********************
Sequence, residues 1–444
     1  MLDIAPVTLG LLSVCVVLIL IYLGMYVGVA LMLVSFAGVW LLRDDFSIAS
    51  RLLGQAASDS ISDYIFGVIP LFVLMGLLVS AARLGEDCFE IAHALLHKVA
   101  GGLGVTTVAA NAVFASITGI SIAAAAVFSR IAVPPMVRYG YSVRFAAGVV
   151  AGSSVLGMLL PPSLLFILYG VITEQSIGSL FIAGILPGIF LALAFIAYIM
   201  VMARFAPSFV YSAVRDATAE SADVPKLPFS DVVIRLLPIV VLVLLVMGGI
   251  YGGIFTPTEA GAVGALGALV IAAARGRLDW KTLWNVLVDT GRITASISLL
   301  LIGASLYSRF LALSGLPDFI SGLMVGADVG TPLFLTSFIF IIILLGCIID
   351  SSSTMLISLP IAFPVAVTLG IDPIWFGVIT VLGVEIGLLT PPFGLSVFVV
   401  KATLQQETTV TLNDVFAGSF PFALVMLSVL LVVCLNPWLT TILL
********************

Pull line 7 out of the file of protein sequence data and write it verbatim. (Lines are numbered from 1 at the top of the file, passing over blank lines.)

   251  YGGIFTPTEA GAVGALGALV IAAARGRLDW KTLWNVLVDT GRITASISLL